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'We Are Not Afraid'

Anastasia Baburova
Anastasia Baburova
The "Index On Censorship blog" has a translation of a piece written by Yelena Milashina, and originally published in "Novaya gazeta," on this week's murders of prominent lawyer Stanislav Markelov and journalist Anastasia Baburova. It's a sobering read:

In essence, Stanislav and Anastasiya were simply decent people who could not tolerate what the majority in our country has accepted. That was enough for the lords and masters of Russia to issue their verdict, for those who are allowed to kill in our country.

These were the latest killings of those who did not fit within the present system. A 34-year-old lawyer who defended Chechens against Russia’s military, and defended Russia’s soldiers from their corrupt commanders. He spoke out against the neo-Nazis who are supported by the regime and defended Russia’s anti-fascists whom the regime sends to prison. Markelov defended journalists and rights activists and was himself a defender of human rights. As a consequence in the elite milieu of the capital’s attorneys he was regarded as an outsider.

25-year-old Nastya Baburova was also a romantic rebel, an anarchist who took part in the anti-fascist movement and the dissenters’ marches.

It was no accident that she found herself in such company: she quite consciously chose that path in life. In the eyes of the regime and ordinary people, who only want to keep out of trouble and quietly survive the present regime, Nastya’s choice also made her an outsider. Therefore few people in our country could die as she did, struggling to apprehend the assassin. In the office in front of which Stas and Nastya were shot people heard gunfire and even understood immediately what had happened. They were afraid to go out, however, or even to glance through the window.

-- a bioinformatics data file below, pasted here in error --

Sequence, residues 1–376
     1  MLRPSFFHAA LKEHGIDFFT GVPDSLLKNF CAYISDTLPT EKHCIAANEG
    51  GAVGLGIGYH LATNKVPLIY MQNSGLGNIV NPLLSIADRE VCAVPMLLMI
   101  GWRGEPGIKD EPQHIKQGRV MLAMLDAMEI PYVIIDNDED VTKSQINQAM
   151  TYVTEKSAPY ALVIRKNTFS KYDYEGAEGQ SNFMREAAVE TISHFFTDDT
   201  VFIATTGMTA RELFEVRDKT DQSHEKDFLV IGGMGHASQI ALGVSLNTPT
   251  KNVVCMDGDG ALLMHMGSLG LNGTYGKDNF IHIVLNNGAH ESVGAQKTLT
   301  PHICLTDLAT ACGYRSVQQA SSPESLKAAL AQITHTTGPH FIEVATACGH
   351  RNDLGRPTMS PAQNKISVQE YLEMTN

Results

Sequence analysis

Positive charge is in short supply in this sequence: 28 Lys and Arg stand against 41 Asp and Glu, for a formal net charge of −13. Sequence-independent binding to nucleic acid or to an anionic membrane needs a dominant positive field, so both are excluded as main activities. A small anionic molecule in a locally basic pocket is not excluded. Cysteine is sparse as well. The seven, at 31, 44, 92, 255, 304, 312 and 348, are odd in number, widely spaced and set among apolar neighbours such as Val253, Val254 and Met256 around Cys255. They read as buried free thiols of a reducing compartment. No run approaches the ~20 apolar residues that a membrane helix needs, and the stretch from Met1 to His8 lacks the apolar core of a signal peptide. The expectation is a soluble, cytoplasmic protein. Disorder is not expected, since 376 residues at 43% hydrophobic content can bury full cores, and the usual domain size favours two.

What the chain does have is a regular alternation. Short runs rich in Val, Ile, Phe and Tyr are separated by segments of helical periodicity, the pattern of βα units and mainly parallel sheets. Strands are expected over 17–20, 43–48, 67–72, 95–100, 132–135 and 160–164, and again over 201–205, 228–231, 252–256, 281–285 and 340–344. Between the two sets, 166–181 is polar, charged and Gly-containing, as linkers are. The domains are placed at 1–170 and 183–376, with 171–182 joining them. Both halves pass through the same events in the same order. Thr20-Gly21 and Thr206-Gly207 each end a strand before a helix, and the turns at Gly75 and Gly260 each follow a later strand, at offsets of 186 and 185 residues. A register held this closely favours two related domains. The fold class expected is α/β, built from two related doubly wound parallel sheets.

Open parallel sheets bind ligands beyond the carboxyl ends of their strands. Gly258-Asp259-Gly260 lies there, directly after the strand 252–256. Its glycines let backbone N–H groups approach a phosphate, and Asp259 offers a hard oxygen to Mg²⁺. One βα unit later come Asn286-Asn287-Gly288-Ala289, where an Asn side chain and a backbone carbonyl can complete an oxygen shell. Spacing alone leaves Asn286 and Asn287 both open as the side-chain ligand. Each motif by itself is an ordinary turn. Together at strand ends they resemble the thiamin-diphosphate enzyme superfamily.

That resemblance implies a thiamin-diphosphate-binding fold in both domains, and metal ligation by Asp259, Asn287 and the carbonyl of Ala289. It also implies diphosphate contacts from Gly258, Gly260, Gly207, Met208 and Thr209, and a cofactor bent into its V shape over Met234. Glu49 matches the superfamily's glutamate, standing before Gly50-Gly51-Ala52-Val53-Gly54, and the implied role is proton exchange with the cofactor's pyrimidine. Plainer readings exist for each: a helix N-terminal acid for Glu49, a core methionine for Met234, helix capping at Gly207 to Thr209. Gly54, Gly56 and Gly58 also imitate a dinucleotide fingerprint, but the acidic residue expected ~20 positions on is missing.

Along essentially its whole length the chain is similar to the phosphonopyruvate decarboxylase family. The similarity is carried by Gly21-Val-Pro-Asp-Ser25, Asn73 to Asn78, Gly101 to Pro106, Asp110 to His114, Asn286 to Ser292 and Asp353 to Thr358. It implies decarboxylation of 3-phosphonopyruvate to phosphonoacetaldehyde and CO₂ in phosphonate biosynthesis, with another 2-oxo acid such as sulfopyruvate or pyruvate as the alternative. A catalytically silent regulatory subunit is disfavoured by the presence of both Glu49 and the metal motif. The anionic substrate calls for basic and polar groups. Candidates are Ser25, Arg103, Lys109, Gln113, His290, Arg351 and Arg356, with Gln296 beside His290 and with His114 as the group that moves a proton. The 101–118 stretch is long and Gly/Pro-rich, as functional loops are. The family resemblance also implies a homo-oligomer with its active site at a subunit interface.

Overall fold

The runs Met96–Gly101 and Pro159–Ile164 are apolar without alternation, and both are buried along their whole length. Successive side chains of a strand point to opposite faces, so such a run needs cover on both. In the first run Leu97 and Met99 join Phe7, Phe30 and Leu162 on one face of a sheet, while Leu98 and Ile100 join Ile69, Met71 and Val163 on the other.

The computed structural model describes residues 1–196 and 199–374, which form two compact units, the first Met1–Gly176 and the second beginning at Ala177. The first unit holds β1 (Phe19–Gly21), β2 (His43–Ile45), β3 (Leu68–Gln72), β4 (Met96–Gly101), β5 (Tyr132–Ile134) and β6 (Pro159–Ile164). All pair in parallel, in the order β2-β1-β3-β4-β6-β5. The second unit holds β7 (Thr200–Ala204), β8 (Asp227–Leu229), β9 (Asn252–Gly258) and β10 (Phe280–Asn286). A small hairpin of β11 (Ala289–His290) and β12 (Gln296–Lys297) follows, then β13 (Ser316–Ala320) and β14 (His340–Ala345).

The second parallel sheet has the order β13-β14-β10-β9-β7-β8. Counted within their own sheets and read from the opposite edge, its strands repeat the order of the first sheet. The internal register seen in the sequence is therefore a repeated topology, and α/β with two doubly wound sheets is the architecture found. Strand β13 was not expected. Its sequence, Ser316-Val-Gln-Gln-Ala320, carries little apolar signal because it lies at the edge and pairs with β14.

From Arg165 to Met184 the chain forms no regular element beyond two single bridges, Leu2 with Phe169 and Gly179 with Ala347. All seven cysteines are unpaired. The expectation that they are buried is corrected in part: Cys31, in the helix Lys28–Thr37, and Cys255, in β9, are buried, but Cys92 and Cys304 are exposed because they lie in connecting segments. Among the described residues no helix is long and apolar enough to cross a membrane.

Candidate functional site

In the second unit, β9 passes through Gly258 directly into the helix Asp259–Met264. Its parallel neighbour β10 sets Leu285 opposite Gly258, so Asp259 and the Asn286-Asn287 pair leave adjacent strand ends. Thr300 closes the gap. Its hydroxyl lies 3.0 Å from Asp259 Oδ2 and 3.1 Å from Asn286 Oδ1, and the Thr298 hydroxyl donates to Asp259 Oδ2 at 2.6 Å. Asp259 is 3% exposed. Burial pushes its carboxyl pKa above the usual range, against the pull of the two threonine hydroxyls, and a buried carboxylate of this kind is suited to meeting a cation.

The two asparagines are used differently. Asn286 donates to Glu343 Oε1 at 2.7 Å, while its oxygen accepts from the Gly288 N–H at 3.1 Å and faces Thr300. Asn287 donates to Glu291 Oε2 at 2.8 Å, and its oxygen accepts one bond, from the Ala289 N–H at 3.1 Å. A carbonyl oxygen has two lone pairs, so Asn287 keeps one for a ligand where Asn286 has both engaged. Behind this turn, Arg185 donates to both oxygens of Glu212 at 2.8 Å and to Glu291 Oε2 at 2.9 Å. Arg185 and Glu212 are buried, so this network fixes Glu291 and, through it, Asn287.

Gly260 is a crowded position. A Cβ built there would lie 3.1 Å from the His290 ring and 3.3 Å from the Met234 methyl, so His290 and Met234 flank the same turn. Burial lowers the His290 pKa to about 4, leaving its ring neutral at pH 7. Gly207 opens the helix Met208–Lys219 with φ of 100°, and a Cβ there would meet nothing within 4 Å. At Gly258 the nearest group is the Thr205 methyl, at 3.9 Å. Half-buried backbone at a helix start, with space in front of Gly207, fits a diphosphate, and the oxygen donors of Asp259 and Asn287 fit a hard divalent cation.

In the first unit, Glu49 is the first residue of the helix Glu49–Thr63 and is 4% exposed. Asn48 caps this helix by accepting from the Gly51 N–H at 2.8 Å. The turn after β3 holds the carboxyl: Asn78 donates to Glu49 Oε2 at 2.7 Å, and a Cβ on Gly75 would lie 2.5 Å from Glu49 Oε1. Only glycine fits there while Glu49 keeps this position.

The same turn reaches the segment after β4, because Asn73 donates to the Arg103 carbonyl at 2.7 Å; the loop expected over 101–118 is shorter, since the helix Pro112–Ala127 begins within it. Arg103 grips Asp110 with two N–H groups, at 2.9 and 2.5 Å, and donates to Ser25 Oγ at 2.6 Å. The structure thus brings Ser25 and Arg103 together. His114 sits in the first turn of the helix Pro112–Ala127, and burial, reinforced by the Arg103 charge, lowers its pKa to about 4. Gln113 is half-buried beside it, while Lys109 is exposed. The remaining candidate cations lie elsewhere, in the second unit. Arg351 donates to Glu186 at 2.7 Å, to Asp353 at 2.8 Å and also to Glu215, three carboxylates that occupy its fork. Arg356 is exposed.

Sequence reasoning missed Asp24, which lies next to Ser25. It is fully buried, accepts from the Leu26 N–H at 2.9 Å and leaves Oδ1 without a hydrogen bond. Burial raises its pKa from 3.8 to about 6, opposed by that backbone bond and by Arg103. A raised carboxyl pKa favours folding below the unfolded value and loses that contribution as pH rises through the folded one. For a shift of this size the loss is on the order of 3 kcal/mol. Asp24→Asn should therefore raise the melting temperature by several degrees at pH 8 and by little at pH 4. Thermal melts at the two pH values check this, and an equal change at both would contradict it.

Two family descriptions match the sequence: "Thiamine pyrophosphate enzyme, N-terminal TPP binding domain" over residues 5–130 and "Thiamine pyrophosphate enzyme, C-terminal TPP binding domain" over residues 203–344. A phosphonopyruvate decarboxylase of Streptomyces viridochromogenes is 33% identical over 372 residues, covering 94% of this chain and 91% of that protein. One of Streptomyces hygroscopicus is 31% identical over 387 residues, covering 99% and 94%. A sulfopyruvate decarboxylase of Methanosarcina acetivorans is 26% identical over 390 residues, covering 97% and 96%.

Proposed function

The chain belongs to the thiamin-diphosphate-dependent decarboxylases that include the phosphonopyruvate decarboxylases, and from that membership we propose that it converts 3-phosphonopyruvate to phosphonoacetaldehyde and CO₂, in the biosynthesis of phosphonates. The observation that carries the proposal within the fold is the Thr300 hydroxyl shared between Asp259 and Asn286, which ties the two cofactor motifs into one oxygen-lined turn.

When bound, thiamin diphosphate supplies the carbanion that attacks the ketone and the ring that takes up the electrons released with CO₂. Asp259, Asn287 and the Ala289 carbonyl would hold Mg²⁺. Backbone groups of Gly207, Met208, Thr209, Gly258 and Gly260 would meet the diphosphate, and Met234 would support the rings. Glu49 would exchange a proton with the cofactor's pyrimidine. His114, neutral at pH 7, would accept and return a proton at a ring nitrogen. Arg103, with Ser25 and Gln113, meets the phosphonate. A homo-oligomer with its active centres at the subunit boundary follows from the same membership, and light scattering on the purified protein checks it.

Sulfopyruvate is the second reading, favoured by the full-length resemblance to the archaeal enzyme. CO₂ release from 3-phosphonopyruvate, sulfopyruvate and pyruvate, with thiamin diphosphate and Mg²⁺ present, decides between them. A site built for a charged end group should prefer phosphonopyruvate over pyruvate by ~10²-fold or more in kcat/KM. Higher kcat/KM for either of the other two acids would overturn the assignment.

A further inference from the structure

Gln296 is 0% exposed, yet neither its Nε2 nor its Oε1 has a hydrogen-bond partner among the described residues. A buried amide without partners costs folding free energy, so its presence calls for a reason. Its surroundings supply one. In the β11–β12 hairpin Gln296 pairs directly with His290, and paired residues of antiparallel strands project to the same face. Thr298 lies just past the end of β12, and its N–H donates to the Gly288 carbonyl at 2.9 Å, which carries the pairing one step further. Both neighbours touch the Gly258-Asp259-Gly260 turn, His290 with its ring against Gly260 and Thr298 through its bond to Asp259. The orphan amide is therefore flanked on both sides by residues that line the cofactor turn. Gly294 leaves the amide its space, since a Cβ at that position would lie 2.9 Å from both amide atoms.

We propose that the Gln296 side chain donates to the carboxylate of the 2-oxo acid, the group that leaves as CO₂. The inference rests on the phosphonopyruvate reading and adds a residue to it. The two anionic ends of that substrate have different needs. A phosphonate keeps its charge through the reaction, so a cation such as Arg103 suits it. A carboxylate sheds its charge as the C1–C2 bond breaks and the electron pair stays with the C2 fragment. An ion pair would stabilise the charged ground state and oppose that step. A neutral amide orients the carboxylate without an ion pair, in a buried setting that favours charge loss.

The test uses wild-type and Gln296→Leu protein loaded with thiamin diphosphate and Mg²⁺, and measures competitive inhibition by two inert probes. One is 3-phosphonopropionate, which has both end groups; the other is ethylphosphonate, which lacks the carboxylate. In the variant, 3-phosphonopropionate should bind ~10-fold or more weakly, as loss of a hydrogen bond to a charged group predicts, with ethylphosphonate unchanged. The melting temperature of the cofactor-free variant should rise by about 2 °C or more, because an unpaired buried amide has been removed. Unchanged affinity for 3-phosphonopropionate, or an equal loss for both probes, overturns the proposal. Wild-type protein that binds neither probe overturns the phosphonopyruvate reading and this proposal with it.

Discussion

The motive behind Markelov’s murder could be found in almost any of his cases. These include that of Budanov. Stanislav Markelov was demanding that new charges be brought against ex-colonel Budanov, just released on parole, for the rape of Elza Kungayeva. The chances of success were quite high since the details of the rape that preceded her 2000 murder by Budanov are recorded in the case materials....

The killers have no fear because they know they will not be punished. But neither are their victims afraid, because when you defend others you cease to fear. Those today who are fearful are the people who keep out of trouble, trying to survive these bad times, when the bad times (for some reason) never seem to end.

-- Luke Allnutt

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